Protest

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Something is about to rumble, for the police blockade the streets and point cars to turn right down the side streets, much to everyone’s confusion since the way ahead seems clear, direct, and much more appealing than the sinewy detour.

But, there’s unease, the rapid preparation for something sweeping and important, and then, we see it–

The demonstration, hundreds strong, banner stretched with the charges of corrupção and terrorismo brandished bold and big, clear in every language, Vendetta masks and clown noses unforgiving in their accusations against the presumably guilty.

It sends goosebumps up and down our spines, throat constricted with emotion at seeing such a mass of people take to the streets and practice freedom of speech, aided by the police to make way for their voices to be heard up and down São Paulo’s main artery, Paulista.

Despite living in a country that considers itself the pinnacle of democracy, it feels like there is actually little room and place for dissenting opinions, for the practice of a representative government with engaged citizenry. Taking to the streets in the US is out of vogue, a disruption in our work week, of the status quo, no longer the platform for grievances and demands upon our elected officials.

On the contrary, protesting almost equates delinquency, non-work, non-contribution, for only the unemployed and ragamuffins have the time and energy to practice their constitutional rights, a frequent retort given to the Occupy Wall Street protesters, a total fallacy, for we, gainfully employed, march and sit with them along with hundreds of Denverites and Boulderites, sympathetic to the underlying frustration that something’s broke and we gots to face the fact that our middle class shrinks downslope at a frightening pace.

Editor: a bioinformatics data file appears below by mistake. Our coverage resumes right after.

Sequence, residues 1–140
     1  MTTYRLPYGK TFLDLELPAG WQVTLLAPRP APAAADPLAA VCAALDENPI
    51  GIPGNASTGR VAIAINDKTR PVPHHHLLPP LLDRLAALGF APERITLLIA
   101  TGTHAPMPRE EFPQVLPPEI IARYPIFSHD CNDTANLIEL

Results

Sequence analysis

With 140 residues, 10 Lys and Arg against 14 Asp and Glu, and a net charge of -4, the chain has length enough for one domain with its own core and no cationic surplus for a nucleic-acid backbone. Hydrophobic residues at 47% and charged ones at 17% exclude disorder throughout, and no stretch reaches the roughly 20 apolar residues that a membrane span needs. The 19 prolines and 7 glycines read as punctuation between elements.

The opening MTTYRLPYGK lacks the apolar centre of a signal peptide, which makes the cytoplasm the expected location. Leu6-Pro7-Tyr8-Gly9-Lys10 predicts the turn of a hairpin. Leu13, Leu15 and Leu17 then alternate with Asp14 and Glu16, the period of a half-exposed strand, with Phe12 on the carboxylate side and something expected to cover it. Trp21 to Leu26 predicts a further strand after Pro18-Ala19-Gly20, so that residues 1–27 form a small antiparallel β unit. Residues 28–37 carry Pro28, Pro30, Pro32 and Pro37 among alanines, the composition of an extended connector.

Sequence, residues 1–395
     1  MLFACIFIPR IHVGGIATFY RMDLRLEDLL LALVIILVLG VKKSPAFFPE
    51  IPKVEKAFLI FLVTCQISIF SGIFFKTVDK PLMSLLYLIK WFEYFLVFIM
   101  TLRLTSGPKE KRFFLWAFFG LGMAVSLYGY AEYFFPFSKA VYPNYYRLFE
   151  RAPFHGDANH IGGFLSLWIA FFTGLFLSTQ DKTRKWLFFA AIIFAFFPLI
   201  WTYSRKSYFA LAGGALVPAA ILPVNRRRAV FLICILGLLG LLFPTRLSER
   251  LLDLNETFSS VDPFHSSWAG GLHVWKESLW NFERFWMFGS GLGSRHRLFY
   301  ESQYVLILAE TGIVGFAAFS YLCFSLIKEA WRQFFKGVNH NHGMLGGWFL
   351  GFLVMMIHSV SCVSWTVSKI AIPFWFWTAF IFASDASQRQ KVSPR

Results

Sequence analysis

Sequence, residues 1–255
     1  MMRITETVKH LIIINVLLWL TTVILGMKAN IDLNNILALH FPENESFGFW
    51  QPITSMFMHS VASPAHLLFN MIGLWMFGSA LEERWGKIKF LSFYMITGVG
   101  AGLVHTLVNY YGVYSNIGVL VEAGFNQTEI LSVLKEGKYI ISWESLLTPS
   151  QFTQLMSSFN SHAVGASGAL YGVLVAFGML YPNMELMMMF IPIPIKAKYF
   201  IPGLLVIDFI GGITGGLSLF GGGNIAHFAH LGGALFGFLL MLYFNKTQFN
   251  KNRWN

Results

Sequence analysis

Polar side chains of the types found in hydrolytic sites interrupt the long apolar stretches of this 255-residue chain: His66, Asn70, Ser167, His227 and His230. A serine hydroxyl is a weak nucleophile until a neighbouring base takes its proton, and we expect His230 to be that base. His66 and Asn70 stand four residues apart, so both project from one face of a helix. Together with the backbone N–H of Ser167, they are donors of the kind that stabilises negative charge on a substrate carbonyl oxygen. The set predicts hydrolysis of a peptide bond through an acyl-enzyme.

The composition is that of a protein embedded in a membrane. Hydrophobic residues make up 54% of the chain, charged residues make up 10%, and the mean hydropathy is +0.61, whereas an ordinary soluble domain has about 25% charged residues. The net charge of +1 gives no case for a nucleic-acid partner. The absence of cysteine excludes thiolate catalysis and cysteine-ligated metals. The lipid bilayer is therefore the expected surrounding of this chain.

So, here, it’s like a flashback, only, it seems, with so much more support as cars stop and honk and applaud, drivers and passengers exiting their vehicles to salute the marchers, themselves peaceful and strong and unified. Turns out a lot of people are less than thrilled about a congressman’s recent secret appointment to an important post despite charges of corruption, a crime the Brazilians describe as terrorism against the people.

We pause to take it in, eyes brimming in camaraderie and shared idealism that awareness might translate to a better tomorrow for us all.

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This entry was published on February 9, 2013 at 13:20. It’s filed under Brazil and tagged , , , . Bookmark the permalink. Follow any comments here with the RSS feed for this post.

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